I remember as teenager and young adult feeling very awkward or embarrassed about the phrase, “I love you.” In my mind, “I love you,” was three of the deepest, most significant words a person could say to another, and thus ought to be reserved only for a significant other or family member. Maybe a really close friend. But as we saw in the previous post, “love one another,” is how the church should relate to one another. And it is much, much more than just saying, “I love you.” How should Christians express their love for one another?
Thankfully, the remaining “One Anothers” are basically all reflections on how to express that one another kind of love.
I’m going to suggest some categories of the “One Anothers,” as you’ll see below, but many of the “One Anothers” overlap or could fit in multiple categories. These verses are powerful enough on their own that I’m mostly just going to list them, asking you to prayerfully consider how you might need to apply them to your life. Again, not all of these have the precise words “one another.” Sometimes they talk about “each other” or “among yourselves” but the concept is the same.
First of all, we Christians love one another by practicing Peace & Unity
Mark 9:50 “Be at peace with each other.”
Romans 12:16 “Live in harmony with one another.”
Romans 14:13 “Therefore let us stop passing judgment on one another. Instead, make up your mind not to put any stumbling block or obstacle in your brother’s way.”
Romans 14:19 “Let us therefore make every effort to do what leads to peace and to mutual edification.” The New American Standard Bible properly translates that final phrase as, “build up one another.”
Romans 15:5 “May the God who gives endurance and encouragement give you a spirit of unity among yourselves as you follow Christ Jesus.”
1 Corinthians 1:10 “I appeal to you, brothers, in the name of our Lord Jesus Christ, that all of you agree with one another so that there may be no divisions among you and that you may be perfectly united in mind and thought.”
And then there is a really unique practice of loving one another in the early church, and it gets mentioned four times in the NT! “Greet one another with a holy kiss” as said by Paul in Romans 16:16, 1 Corinthians 16:20, 2 Corinthians 13:12. Peter gets in on the action in 1 Peter 5:14, “Greet one another with a kiss of love.” While this might sound strange to some, this ancient Christian kissing is similar to many cultures which practice a greeting kiss on the cheek.
Next, Christians practice loving one another through Selflessness and Service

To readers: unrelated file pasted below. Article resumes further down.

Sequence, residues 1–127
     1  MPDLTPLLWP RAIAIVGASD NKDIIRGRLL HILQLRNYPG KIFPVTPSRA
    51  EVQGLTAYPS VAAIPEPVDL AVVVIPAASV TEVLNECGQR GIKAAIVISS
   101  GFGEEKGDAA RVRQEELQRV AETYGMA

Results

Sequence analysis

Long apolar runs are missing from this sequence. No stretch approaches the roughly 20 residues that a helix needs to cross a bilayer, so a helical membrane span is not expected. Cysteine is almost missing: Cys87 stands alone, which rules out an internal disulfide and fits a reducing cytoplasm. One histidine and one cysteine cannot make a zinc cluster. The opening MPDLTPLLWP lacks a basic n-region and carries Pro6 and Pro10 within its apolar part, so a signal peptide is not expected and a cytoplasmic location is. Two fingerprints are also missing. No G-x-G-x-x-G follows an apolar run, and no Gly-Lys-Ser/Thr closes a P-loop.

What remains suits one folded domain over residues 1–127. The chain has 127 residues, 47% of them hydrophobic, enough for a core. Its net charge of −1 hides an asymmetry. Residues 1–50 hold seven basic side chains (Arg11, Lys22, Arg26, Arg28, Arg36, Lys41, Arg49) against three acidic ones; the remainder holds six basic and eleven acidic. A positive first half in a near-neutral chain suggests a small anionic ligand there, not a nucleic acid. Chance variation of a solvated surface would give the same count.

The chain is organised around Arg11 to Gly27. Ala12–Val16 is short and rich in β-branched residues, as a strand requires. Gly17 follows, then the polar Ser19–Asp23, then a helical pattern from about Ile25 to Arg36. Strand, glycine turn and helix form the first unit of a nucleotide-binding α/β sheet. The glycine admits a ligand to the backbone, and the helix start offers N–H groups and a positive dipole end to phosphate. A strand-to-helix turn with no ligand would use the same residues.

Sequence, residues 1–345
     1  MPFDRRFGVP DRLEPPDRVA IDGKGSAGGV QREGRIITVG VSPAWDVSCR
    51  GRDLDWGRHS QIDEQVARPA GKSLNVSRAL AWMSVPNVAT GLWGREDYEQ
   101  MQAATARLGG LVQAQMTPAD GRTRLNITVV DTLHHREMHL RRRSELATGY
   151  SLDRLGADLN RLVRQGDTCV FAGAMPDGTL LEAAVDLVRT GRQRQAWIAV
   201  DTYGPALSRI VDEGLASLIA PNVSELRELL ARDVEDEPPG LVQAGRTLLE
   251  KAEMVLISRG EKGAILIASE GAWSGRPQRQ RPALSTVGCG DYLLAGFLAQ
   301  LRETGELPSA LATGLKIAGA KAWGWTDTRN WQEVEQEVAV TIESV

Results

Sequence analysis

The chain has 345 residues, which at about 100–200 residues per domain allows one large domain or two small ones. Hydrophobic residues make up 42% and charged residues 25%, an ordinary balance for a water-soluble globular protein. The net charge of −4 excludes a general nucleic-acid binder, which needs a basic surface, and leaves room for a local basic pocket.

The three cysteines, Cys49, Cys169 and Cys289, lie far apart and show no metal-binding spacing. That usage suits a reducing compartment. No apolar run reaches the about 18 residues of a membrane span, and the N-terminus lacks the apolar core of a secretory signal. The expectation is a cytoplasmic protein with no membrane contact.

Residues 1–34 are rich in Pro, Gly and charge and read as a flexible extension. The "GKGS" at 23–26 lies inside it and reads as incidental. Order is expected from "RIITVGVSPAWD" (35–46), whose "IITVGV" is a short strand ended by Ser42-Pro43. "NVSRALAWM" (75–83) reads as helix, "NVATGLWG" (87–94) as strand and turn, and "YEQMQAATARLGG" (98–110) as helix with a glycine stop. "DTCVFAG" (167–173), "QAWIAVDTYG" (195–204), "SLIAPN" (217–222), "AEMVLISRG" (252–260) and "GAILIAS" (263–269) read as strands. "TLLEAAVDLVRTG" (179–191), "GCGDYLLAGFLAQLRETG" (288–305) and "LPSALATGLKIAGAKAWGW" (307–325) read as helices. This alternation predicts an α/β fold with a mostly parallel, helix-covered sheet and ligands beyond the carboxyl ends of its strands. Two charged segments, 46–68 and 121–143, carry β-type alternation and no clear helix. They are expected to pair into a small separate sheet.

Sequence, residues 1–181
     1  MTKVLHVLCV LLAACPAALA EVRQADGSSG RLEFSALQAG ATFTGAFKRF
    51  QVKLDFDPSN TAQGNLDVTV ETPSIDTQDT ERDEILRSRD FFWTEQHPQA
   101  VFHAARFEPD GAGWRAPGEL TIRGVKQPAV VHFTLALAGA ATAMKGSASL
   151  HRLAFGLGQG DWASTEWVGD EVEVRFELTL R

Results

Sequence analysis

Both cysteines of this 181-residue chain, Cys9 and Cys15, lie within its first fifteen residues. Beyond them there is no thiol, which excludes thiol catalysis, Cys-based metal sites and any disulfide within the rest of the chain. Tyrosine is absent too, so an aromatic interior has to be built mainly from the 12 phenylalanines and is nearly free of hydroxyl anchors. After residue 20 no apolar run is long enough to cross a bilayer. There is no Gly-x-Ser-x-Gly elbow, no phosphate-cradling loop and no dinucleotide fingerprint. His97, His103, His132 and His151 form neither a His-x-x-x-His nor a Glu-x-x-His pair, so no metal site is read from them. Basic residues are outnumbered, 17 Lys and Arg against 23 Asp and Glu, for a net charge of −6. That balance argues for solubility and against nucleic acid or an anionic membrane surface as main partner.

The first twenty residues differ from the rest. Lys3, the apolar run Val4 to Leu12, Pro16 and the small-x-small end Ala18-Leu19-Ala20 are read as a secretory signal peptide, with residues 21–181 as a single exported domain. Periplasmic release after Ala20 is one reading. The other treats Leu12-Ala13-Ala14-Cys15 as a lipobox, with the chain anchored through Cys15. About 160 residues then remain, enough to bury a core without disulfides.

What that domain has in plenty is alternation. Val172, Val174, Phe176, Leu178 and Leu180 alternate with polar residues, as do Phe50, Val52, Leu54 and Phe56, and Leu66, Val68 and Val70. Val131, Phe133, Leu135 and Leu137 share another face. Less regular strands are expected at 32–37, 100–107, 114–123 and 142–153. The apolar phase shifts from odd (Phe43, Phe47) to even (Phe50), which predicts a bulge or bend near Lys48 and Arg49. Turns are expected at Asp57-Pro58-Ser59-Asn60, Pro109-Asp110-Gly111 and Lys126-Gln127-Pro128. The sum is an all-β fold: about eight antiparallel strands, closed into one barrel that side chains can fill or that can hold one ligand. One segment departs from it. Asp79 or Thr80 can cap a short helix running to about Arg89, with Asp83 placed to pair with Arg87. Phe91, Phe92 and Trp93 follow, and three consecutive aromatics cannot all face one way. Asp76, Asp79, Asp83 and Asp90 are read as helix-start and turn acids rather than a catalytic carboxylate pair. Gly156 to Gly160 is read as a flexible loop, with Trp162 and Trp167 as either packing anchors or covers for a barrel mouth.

Jesus himself led the way with this in John 13:14 “Now that I, your Lord and Teacher, have washed your feet, you also should wash one another’s feet.”
Then we have five verses from Paul.
Romans 12:10b “Honor one another above yourselves.”
1 Corinthians 11:33 is part of the passage that I read almost every month during worship before our church observes communion. The Christians in Corinth were being quite selfish about the meal, and Paul wrote, “So then, my brothers, when you come together to eat, wait for each other.”
Galatians 5:13 “Serve one another in love.”
Galatians 6:2 “Carry each other’s burdens”
Philippians 2:3 “Do nothing out of selfish ambition or vain conceit, but in humility consider others better than yourselves.”
When we put ourselves and each other in proper perspective, loving one another means Acceptance & Fellowship.
Romans 15:7 “Accept one another, then, just as Christ accepted you, in order to bring praise to God.”
1 Peter 4:9 “Offer hospitality to one another without grumbling.”
1 John 1:7 “But if we walk in the light, as he is in the light, we have fellowship with one another, and the blood of Jesus, his Son, purifies us from all sin.”
Check back in to the next post, as we look at a few more categories of how we can love one another. For today, did any of these verses hit home for you? Did you sense God’s Spirit encouraging you to dwell on any of the verses? Maybe go back and read through them another time or two, slowly, prayerfully, asking God’s Spirit to direct you how to better love one another in your church family.
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